14. meefmoff

    meefmoff Devotee (451) Jul 6, 2014 Massachusetts
    Trader

    There's nothing wrong with 6 week old beer, even NE IPAs. But if you're going to the source it doesn't seem at all persnickety to want it fresher than that if possible. Day old bread is great too, but that's generally not what I'm hoping to find when I make a point to go to a bakery.
     
  15. rgordon

    rgordon Meyvn (1,053) Apr 26, 2012 North Carolina

    Exactly. Some folks only want beer bottled and/or kegged yesterday, or within 3 weeks or so. Depending on production numbers and regular depletions, and the type of beer, this can often be very tough to do. Asking is OK, but if you don't like the date, don't buy it.
     
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  16. honkey

    honkey Zealot (589) Aug 28, 2010 Arizona
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    I would disagree. Even with very low packaged oxygen levels and no transfers, we find NEIPA’s to be best within 4 weeks with a significant drop off being noticeable from fresh to 5 weeks in. Our beer still gets good reviews online 2 months after the fact, but it makes me sad if I see it being drank that long after. Our cans get a canned on date and a best by date that is 28 days from the canned date.
     
  17. meefmoff

    meefmoff Devotee (451) Jul 6, 2014 Massachusetts
    Trader

    Far be it from me to disagree with someone with as much knowledge as you, but I've never had a problem with beers in that style at that age myself and that's the only opinion I can offer. I live in the belly of the beast of beer in that style and if people's palates can pick up larger differences in that time frame then I can then that is their perorogative.

    Apart from that, the central point of my post was obviously to support the the notion that the OP was not out of line in wanting a beer fresher than that.
     
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  18. PapaGoose03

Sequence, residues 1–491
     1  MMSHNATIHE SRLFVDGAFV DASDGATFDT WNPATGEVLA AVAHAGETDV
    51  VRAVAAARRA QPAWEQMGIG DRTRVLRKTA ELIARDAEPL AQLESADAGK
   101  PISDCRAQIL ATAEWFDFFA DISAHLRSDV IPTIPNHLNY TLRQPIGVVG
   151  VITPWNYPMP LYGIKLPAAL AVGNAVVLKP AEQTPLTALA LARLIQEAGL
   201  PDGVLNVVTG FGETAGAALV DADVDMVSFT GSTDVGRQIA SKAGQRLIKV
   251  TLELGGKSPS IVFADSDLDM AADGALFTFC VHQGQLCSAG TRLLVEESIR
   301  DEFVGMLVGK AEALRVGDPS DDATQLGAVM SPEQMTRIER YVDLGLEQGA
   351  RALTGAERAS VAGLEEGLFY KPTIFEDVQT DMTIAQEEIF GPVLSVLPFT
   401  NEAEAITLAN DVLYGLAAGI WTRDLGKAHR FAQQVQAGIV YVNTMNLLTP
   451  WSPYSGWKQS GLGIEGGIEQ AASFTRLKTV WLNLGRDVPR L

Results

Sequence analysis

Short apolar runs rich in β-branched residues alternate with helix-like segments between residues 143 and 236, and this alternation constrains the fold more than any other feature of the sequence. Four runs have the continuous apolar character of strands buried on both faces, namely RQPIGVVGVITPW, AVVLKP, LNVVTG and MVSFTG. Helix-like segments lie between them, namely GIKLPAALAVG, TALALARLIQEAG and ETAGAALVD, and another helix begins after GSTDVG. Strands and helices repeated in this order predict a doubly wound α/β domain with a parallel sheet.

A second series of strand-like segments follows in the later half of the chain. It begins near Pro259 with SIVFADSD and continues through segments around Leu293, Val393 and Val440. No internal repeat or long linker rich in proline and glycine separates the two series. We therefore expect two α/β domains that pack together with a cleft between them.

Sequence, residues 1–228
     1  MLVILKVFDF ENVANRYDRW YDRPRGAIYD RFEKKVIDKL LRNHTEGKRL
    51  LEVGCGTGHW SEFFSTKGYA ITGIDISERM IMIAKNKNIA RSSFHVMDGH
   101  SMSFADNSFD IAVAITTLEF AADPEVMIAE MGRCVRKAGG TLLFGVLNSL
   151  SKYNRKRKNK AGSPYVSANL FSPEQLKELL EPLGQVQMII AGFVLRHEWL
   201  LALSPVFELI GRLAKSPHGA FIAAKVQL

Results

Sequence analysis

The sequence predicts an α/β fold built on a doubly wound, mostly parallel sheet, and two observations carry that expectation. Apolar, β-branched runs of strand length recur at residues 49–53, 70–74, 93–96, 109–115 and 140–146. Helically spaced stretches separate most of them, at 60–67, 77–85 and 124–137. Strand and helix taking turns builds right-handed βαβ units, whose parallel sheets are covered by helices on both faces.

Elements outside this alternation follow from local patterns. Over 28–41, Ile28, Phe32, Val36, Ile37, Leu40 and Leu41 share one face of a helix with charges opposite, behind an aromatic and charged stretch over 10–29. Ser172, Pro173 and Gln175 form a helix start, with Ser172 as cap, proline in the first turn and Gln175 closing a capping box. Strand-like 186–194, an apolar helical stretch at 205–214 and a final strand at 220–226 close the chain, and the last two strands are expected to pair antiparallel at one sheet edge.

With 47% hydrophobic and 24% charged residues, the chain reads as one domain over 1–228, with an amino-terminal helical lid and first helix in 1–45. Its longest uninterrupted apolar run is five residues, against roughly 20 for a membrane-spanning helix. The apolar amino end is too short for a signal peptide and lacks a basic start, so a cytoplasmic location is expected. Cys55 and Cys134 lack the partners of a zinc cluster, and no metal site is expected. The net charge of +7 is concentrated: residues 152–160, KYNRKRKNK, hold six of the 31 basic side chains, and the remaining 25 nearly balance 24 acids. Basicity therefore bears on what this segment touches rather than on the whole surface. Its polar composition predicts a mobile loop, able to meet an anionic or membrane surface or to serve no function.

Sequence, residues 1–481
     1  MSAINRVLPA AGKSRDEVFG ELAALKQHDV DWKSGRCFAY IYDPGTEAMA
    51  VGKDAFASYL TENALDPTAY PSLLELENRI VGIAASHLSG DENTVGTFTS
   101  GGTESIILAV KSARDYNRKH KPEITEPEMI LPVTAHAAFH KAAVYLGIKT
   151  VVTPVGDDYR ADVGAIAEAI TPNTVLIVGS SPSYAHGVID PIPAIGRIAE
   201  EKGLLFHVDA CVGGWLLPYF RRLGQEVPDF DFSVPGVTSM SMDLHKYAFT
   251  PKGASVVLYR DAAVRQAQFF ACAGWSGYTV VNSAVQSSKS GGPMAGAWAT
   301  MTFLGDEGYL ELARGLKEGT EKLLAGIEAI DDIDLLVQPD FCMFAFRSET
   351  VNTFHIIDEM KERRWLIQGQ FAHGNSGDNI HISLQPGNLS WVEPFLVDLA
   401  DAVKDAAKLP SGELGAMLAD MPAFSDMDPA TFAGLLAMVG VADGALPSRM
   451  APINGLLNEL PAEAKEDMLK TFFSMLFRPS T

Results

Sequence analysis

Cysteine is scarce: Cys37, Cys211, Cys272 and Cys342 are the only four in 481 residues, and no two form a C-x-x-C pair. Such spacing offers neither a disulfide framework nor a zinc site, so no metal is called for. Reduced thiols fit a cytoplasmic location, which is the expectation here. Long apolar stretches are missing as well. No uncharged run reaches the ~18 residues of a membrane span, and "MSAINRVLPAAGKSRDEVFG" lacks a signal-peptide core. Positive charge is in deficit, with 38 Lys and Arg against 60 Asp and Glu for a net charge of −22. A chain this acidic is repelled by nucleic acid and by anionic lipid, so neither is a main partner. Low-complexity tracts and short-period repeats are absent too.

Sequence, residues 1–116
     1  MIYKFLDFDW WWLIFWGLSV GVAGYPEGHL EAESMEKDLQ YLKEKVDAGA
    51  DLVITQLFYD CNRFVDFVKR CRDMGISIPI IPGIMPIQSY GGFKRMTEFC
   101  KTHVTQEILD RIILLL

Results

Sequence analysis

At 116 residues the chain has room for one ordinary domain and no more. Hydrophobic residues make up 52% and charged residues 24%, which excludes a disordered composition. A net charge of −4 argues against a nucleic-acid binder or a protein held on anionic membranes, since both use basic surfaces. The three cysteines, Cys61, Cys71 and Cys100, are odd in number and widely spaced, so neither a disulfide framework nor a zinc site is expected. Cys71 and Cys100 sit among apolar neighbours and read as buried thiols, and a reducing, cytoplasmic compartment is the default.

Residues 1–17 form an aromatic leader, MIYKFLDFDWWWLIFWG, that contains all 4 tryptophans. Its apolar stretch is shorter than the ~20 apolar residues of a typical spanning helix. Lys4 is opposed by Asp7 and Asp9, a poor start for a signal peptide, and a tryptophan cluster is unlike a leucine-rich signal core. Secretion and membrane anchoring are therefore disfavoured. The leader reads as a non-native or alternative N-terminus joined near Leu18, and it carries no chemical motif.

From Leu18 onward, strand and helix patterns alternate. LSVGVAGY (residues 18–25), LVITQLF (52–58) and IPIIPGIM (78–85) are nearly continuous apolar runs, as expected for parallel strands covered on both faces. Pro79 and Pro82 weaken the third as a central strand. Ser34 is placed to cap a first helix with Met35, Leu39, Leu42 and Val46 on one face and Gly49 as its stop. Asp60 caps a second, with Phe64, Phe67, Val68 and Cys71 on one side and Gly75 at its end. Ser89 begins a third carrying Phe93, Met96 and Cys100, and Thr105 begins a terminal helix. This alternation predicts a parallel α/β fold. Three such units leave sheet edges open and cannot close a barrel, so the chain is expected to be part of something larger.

PapaGoose03 Poo-Bah (2,684) May 30, 2005 Michigan
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    I learned the hard way that you can't assume that the beer in the cooler at a brewery will always be fresh, and shame on the brewery that doesn't monitor this.

    OP, since you are asking for a friend I assume he didn't check the date, so let this post be a reminder to everyone as well as your friend.
     
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  19. JackHorzempa

    JackHorzempa Poo-Bah (4,497) Dec 15, 2005 Pennsylvania
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    Well, I am not exactly saying that this brewery in question is doing this, but...

    In a past thread a BA who works at a beer retailer mentioned that at the store where he works it was their policy to place 'old' beer in the refrigerators as a way to foster sales of those products.

    Cheers!
     
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  20. EvenMoreJesus

    EvenMoreJesus Champion (886) Jun 8, 2017 Pennsylvania
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    How old of a product did you receive? How old of a product would you like to receive?
     
  21. MostlyNorwegian

    MostlyNorwegian Zealot (550) Feb 5, 2013 Illinois

    Unlike a shop where shelf space is a constant battle. The brewery will have probably kept that beer properly for the duration it is in house. But.. The taproom isn't always the first place fresh product goes to. That would be the distributors, or to stores via self distribution. And. NO. Unless you see it running down the packaging line while you are there. They don't have anything fresher to sell you because FIFO.
     
  22. Sideshow_Luke_Perry

    Sideshow_Luke_Perry Initiate (0) Jan 9, 2016 Massachusetts

    Some NEIPAs that were a little over 6 weeks. I'm not saying that's a bad thing- I still drank and enjoyed them, but having had them very fresh I noticed a difference. There isn't a specific number I would 'like', but in this case I had a preference for fresher product and wanted to know if it would be considered rude to ask.
     
  23. Sideshow_Luke_Perry

    Sideshow_Luke_Perry Initiate (0) Jan 9, 2016 Massachusetts

    Thanks for sharing your experience! :grinning: